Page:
Snake Eyes is a welcomed opportunity to see a cast of talented Asian actors dazzle. Even in an action franchise film built around a Hasbro toy doll, they excel.
The film is an extension of a franchise started in 2009 with G.I. Joe: The Rise of Cobra, when an elite military unit of special operatives (aka G.I. Joe) combated a sinister syndication of arms dealers known as Cobra. Among the players were Snake Eyes (as played by Scottish actor Ray Park) and Storm Shadow (Lee Byung-hun, The Magnificent Seven). An additional chapter, G.I Joe: Retaliation, was released in 2013 and directed by Jon M. Chu (Crazy Rich Asians). This new entry details the origin of the two aforementioned characters.
Snake Eyes (now played by Henry Golding, Crazy Rich Asians) is known for participating in fight clubs, where he takes a beating yet wins his matches. (How he attained his skills is never explained, and that’s a flaw.) As he brawls, his abilitiy to defeat larger foes gets noticed by a smarmy arms dealer, Kenta (Takehiro Hira). The crook drafts him into his gang with the promise that he will help Snake Eyes solve the mystery of a traumatizing incident that has haunted him since childhood.
In L.A., while carrying out his gun smuggling duties with some seamy men, Snake Eyes befriends Tommy (Andrew Koji, Furious 6) one of his colleagues. After an upheaval and a melee, Tommy heads home to Tokyo and takes his new friend with him. Turns out Tommy is the heir to an ancient noble Japanese clan called the “Arashikage.” His family’s teachers, Hard Master (Iko Uwais, Mile 22) and Blind Master (Peter Mensah, TV’s Transformers Prime), and its head of security Akiko (Haruka Abe, Cruella) train the interloper to become a fierce warrior—physically, skillfully, spiritually and mentally. Why? They’ll need his help as Kenta is out to crush them.
On so many levels, this chapter is far more intriguing than its G.I. Joe predecessors. Audiences, without prior knowledge of this crime/action/thriller/fantasy heritage, could easily think this is a stand-alone production, and in many ways it is. That’s thanks to its judicious director (Robert Schwentke, Tattoo), imaginative writing team (Evan Spiliotopoulos, Joe Shrapnel and Anna Waterhouse) and stellar cast and crew. Minutes after a weak opening generic backstory sequence, which establishes the root of the protagonist’s lifelong angst, the film takes off and individual elements shine.
Schwentke has a firm grasp on the handsome style of the film, which becomes more evident as the story unfolds. The footage (cinematographer Bojan Bazelli, King of New York), sets and locations (production designers Alex Hammond and David Meyer; set decorator Sandy Walker, X-Men Origins: Wolverine) are stunning and impressive. The costumes (Louise Mingenbach, X-Men: Days of Future Past) superb. The breakneck pacing (editor Stuart Levy clocks the length at two-hours, and one-minute) doesn’t give you time to flinch. A soaring musical score, especially with its incessant percussive drumbeats (Martin Todsharow), pulsates in the right places. All those tech achievements stoke the film with drama, intrigue and an artistry that go well beyond genre requirements.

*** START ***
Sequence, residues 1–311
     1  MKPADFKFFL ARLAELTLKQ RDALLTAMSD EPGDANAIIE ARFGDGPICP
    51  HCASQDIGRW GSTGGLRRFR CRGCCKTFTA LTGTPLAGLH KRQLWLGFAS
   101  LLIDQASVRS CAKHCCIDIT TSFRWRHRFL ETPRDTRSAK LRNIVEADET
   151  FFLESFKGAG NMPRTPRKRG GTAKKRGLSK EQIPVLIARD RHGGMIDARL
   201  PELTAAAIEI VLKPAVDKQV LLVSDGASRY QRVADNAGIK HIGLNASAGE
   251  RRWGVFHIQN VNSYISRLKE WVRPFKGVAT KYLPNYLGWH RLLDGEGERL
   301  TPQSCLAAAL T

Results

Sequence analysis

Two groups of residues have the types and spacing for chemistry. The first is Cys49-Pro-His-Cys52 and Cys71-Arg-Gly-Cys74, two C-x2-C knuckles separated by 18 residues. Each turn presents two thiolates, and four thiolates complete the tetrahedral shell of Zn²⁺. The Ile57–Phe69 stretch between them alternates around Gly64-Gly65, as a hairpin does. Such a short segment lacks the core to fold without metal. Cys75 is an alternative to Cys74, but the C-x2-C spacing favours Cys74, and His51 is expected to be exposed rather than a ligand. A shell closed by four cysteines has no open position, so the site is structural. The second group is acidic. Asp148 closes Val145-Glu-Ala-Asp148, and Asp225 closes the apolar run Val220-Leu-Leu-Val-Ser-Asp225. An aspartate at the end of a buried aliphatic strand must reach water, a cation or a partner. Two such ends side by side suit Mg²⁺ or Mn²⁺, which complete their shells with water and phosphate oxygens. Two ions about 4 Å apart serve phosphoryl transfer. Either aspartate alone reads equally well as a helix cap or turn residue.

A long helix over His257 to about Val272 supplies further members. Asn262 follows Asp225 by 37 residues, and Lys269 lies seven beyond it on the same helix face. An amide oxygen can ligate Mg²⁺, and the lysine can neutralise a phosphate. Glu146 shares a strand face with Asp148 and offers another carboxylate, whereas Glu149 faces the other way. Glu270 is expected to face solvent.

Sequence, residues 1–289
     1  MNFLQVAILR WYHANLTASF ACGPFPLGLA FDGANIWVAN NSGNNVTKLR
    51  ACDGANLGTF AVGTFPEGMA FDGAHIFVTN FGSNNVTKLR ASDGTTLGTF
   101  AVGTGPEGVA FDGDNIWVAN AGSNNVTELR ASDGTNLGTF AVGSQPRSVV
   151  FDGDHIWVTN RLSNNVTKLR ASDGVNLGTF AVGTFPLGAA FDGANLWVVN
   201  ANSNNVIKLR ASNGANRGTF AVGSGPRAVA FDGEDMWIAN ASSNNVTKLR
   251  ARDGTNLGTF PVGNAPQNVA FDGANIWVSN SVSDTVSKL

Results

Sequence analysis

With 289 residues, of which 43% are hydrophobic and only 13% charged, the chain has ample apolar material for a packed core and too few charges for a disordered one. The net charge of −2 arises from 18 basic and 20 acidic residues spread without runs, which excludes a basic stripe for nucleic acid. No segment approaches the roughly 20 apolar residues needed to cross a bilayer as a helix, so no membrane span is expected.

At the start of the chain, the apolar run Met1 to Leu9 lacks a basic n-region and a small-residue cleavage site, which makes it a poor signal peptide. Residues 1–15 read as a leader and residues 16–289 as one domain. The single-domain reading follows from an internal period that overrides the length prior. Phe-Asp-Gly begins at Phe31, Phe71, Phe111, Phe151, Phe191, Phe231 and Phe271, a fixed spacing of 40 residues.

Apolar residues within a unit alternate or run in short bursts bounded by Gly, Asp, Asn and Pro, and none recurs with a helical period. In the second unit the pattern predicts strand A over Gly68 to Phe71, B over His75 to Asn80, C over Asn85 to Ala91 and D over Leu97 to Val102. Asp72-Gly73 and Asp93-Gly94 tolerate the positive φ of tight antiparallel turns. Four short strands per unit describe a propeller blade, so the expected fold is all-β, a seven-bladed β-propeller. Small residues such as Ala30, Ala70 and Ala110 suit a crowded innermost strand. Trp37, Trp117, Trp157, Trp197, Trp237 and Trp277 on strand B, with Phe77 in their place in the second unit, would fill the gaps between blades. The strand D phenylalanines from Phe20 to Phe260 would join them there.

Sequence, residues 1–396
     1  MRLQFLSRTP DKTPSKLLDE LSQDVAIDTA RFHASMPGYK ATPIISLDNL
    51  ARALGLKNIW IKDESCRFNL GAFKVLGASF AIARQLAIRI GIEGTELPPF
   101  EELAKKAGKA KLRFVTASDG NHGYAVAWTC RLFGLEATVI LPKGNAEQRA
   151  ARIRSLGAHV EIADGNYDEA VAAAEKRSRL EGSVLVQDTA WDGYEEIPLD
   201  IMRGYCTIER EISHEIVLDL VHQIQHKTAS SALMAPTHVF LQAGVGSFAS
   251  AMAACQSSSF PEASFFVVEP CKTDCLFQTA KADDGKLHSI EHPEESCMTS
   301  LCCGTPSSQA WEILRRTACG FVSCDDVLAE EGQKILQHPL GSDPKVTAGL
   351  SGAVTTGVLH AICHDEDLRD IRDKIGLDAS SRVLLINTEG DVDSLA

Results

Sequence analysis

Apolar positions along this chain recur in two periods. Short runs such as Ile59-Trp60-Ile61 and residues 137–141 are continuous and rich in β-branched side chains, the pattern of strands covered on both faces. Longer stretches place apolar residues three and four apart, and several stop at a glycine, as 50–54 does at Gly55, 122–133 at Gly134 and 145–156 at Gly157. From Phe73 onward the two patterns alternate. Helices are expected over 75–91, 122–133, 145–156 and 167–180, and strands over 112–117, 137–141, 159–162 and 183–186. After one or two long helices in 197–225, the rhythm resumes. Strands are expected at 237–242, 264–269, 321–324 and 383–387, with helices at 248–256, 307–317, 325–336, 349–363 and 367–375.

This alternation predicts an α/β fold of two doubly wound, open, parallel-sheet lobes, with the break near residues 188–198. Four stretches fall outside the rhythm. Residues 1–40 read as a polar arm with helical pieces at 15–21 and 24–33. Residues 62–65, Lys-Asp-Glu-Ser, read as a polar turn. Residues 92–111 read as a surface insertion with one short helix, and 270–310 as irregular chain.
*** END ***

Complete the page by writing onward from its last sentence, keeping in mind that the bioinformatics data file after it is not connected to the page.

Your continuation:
As the well-thought-out script evolves, Snake Eyes becomes a very complex man with dubious alliances that makes his character arc as unpredictable and as it is compelling. His bromance with Tommy is both loving, respectful and cunning: Tommy: “You saved my life. Why?” Snake Eyes: “I looked into your eyes, and I saw honor.” Conversely, the vitriol displayed by Kenta and Baroness (Úrsula Corberó), an agent for Cobra, is particularly venomous and duplicitous.
For good measure, family dynamics pit the very ambitious Tommy against his clan’s conservative matriarch Himiko (Eri Ishida), and their conflicts add emotional standoffs and crises. Suspicion and flirtations between Snake Eyes and Akiko hint at discordance and romance. Akiko: “Want to know how I got my scar? It’s from the last man I trusted.” The pointed dialogue and other machinations—powerplays, deceptions, fluctuating allegiances and potential reconciliations—amass in a way that makes what’s on view mesmerizing even into the end credits (stay in your seats, a plot twist is revealed).
Henry Golding has firmly established himself as a leading actor, the kind that generates whispers about him being a James Bond candidate. In this instance, he carries the mantle of emotionally wounded and shortsighted combatant quite well. Well enough to want to see him in more Snake Eyes movies, with or without any connection to G.I. Joe.
Andrew Koji, as Tommy, upstages Golding. Koji has a deeper presence, a more photogenic face, a gruffer gravely sounding voice, stronger stature and an undercurrent of bitterness that overshadows Snake Eyes’. The fact that he will morph into Storm Shadow should attract and retain a legion of comic-con fans. Samara Weaving as the hitwoman Scarlett, Ishida, Uwais and Abe also take their characters to places far beyond their initial scenes. And Peter Mensah, a Ghanaian actor, has the air, presence and physicality of a shaman.
There are scenes in Tokyo that are reminiscent of Antoine Fuqua’s crime/thriller The Replacement Killers. There are times when the near perfectly choreographed action scenes make you wish the director, cinematographer, art director, production designer and stunt coordinator had opted for an even more artsy look. Visions and movements similar to the balletic images in director Yimou Zhang’s elegantly crafted act/adv/dra House of Flying Daggers.
The sheer artistry in this film is commendable and watching this brilliant Asian cast brings these characters to life is fascinating.